Cyber security professionals are in higher demand than ever, and those with the right skills and experiences to build robust systems, manage networks and monitor environments for attacks have great options to advance their careers.
But security is about more than putting in place technical solutions. If you really want to keep your firm safe from cyber crime, you also need to think about another factor - your users.
According to Verizon's 2021 Data Breach Investigations Report, 85 per cent of incidents in the last 12 months involved a human element. This can be immensely frustrating for those in cyber security jobs, as it can often be the case that all their hard work is undone by one careless employee. So what can you do to defend against this?
The challenges caused by users
Even before Covid changed the way many of us work, human error was a leading cause of data breaches and other cyber security incidents. Now, with more of us working remotely, it's easier than ever for criminals to take advantage of careless users, or for errors to be made by employees working without direct supervision.
One of the biggest issues remains mistakes when working with IT systems, and this can lead to big problems. Just recently, for example, video streaming service Twitch suffered a breach that saw 100GB of user data posted online, including sensitive financial information. The cause of this was traced back to a human error made during a configuration change that left key data exposed.
However, it's not just errors by IT staff with direct access to sensitive systems you need to worry about. Some of the biggest problems can be caused when hackers deliberately target non-technical users via methods such as phishing to trick them into handing over data like login details. All it can take is one person to respond to a fake email and your business could have handed over the keys to all its data assets.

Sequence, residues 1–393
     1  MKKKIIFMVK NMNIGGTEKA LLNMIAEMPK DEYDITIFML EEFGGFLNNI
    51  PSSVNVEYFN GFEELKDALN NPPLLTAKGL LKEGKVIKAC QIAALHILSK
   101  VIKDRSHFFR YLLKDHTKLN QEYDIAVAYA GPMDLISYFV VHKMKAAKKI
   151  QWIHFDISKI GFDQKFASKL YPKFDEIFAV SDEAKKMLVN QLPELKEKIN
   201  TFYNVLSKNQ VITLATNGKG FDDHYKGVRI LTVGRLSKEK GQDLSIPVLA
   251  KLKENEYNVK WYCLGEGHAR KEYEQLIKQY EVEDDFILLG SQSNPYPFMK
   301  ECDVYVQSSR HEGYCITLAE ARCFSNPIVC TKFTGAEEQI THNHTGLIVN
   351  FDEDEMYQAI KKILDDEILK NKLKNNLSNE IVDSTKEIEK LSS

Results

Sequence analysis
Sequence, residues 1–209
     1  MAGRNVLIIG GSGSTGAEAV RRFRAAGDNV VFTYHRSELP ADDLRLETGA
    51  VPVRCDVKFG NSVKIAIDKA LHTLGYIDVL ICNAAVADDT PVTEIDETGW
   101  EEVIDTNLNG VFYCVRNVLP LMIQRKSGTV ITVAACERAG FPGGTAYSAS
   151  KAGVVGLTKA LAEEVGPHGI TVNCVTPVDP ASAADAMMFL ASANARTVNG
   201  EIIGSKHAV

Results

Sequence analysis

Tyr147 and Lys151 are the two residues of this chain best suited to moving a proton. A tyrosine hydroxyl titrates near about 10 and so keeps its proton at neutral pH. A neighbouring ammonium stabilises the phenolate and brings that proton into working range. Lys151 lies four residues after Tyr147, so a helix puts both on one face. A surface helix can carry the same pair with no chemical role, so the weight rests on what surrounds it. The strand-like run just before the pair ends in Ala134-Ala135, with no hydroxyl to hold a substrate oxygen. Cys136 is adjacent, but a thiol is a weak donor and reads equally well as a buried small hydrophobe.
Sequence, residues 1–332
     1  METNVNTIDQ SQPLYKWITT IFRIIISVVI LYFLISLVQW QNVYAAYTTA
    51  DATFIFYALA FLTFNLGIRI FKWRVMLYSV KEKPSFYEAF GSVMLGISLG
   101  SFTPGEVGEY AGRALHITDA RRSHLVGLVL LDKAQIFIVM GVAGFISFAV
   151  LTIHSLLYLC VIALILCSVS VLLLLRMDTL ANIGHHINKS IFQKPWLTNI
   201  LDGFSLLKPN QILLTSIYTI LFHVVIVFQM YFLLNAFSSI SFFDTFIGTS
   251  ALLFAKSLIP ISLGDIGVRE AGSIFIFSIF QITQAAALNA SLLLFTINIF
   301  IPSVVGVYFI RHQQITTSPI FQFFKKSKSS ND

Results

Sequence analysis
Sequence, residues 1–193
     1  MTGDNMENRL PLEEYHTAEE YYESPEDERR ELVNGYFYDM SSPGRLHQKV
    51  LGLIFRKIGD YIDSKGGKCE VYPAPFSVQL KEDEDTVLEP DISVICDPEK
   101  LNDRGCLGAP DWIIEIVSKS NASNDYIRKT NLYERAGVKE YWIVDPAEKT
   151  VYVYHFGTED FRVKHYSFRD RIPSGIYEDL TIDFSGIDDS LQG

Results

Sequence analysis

Verizon's report noted more than a third of incidents (36 per cent) involve phishing, and these can be especially difficult for cyber security professionals to counter as a lot of the responsibility for protecting the firm lies on individual users.
The skills you need to mitigate user risks
The skills that professionals such as information security officers need to guard against human errors fall into two categories. First, there's understanding the technical solutions that can be put in place to mitigate your risks. These include automation tools and monitoring systems, for example, which can remove many of the manual processes that may lead to errors or look for any configuration mistakes.
Security engineers and architects who can build systems with strong access controls and safeguards to protect against issues such as malicious insiders are also hugely valuable to firms.
However, you'll also need 'softer' skills to address other user issues. For example, while a strong antimalware system can filter out some phishing emails, they will never be 100 per cent effective. Therefore, a strong understanding of human behavior is vital.
Knowing how people think helps you develop messaging and training programmes you can use to better educate them on what to look out for, while good communications skills encourage information sharing and overall learning to help spot threats and reduce your overall risk.
These may not be the most obvious skills for cyber security pros, but without them, you'll struggle to get the human factor under control.
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